February 17, 2004
Guitar player extraordinaire, symphony in concert March 9
He has been labeled one of the greatest guitar players on the planet, and on March 9, about 800 lucky ticket-holders will get to see him in person.
Tommy Emmanuel, a huge celebrity in his native Australia and in Europe, will be performing with the Winfield Regional Symphony conducted by Gary Gackstatter at 7:30 p.m. March 9 in the Robert Brown Theatre inside the Brown Center on the main campus of Cowley County Community College.
Tickets are $25 per person and may be purchased from the Sid Regnier Bookstore, 207 W. Fifth Ave.,
from 7:30 a.m. until 4:30 p.m. Monday through Friday. Persons also may charge by phone at (620) 441-5277. The concert is being presented in partnership with the Walnut Valley Festival in Winfield.
Emmanuel is becoming a star in the United States. One glance at the accolades bestowed upon him by other guitar greats, and it's easy to see why he has become so popular. The late Chet Atkins had this recollection of Emmanuel:
"Tommy appeared at the Chet Atkins Appreciation Society Convention a few years ago and brought the house down. People have been talking about him ever since, and his fame is spreading. He's about the only guitarist I've heard who can come close to what Lenny (Breau) did with harmonics, and he's got a style all his own. I think he's probably the greatest finger-picker in the world today. He's inventive, fearless and has a flawless sense of rhythm. He's a great showman, too. You can't watch Tommy perform and not feel happy."
Said Acoustic Guitar Magazine: "Tommy's recordings and his songs are imbued with a vitality and beauty rarely heard in instrumental music today."
Fellow guitar player and Professor of Computer Science Zach Bergen from Colorado sums it up:
"What you will see when you hear Tommy is countless hours of hard work and passionate dedication to his art, because Tommy is an artist and he paints masterpieces with his instrument. That is why his music appeals to more than just guitar fans. What is happening to people during Tommy's concerts is that they are experiencing a man who shows love and compassion through his music and explores the frontiers of feeling, the way any truly great artist uses his/her medium to express the divine. Tommy Emmanuel is a spiritually driven man whose instrument happens to be the guitar. He is a modern day prophet who is uniquely doing his service to mankind. There is meaning in his notes."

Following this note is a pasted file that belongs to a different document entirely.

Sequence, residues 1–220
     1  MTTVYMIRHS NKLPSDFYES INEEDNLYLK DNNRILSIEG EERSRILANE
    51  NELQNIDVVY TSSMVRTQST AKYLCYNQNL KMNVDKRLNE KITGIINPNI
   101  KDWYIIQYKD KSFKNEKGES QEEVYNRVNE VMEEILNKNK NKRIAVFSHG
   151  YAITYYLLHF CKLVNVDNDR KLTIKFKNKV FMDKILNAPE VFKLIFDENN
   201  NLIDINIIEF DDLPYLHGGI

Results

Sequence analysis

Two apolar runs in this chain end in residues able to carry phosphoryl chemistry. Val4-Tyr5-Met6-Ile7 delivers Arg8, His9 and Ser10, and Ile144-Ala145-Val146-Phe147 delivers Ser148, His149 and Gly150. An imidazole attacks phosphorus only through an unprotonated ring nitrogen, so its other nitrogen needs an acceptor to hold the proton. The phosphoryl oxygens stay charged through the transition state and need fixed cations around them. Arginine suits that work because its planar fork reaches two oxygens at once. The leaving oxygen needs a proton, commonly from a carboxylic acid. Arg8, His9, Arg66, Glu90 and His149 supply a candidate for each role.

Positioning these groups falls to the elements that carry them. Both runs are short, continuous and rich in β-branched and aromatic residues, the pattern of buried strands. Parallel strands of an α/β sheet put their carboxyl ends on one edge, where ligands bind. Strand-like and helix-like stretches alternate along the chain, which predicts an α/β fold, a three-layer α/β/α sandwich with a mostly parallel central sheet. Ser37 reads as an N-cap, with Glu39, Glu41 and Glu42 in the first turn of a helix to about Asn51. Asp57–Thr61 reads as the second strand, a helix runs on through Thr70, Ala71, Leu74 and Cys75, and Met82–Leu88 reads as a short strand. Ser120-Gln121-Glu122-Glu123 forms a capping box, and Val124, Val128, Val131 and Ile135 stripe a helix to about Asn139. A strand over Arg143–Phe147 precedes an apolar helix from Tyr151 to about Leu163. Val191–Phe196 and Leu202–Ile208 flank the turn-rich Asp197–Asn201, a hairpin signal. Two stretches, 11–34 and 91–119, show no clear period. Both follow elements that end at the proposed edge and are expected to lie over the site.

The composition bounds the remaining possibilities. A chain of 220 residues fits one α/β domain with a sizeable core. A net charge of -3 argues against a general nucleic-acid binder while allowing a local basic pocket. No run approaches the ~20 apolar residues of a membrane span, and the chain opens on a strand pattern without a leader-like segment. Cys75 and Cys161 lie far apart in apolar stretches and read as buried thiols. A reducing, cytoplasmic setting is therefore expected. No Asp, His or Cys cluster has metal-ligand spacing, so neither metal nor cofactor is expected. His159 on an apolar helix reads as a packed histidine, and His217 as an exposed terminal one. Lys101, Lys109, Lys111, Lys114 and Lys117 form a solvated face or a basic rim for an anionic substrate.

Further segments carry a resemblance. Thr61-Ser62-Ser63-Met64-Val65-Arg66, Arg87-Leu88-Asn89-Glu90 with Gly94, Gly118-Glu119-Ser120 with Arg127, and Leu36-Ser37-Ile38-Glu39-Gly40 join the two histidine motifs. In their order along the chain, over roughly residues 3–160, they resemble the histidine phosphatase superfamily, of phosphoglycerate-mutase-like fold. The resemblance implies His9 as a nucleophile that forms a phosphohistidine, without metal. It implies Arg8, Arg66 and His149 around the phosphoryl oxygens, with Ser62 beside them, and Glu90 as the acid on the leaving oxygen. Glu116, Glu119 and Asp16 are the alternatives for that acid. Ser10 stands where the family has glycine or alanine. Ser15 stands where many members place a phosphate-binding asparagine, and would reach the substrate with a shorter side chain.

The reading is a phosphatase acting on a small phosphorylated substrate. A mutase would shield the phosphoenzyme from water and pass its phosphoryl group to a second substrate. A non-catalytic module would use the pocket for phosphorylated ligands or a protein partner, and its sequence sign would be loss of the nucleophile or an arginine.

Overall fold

The year 2001 was one of tremendous growth, both in audience attendance and musical collaboration, all over the world. After Emmanuel's appearance at the closing ceremonies of the Sydney Olympic Games, and his debut at the Walnut Valley Festival in Winfield in late 2000, everyone wanted to know who this mysterious Australian guitar virtuoso was.
Emmanuel is a household name in his native Australia. His music and his life have become part of Australian legend. Through hard work and endless tours, he has earned a success unequalled by any instrumental artist ever in Australia. With four platinum and three gold albums and many awards, he sets the standard for others to emulate.
"I've spent all my life from the age of 4 playing music and entertaining people," Emmanuel said. "I never wanted to do anything else. Music brings people together."
In 1998, Emmanuel was nominated for a Grammy Award with Atkins for "The Day Fingerpickers took over the World."
Emmanuel has a new album out titled "Endless Road."
Under Gackstatter's leadership, The Winfield Regional Symphony has gained a reputation as one of the most enthusiastic and professional volunteer symphonies in the country--winning the 2001 Kansas Governor's Arts Award. Its willingness to venture into new territory has led the group to play with such notables as John McCutcheon, the rock group Kansas, Three Dog Night, Don McClean, Michael Martin Murphey, The Paul Winter Consort, Barbara Higbie, John Gorka, and Tom Chapin.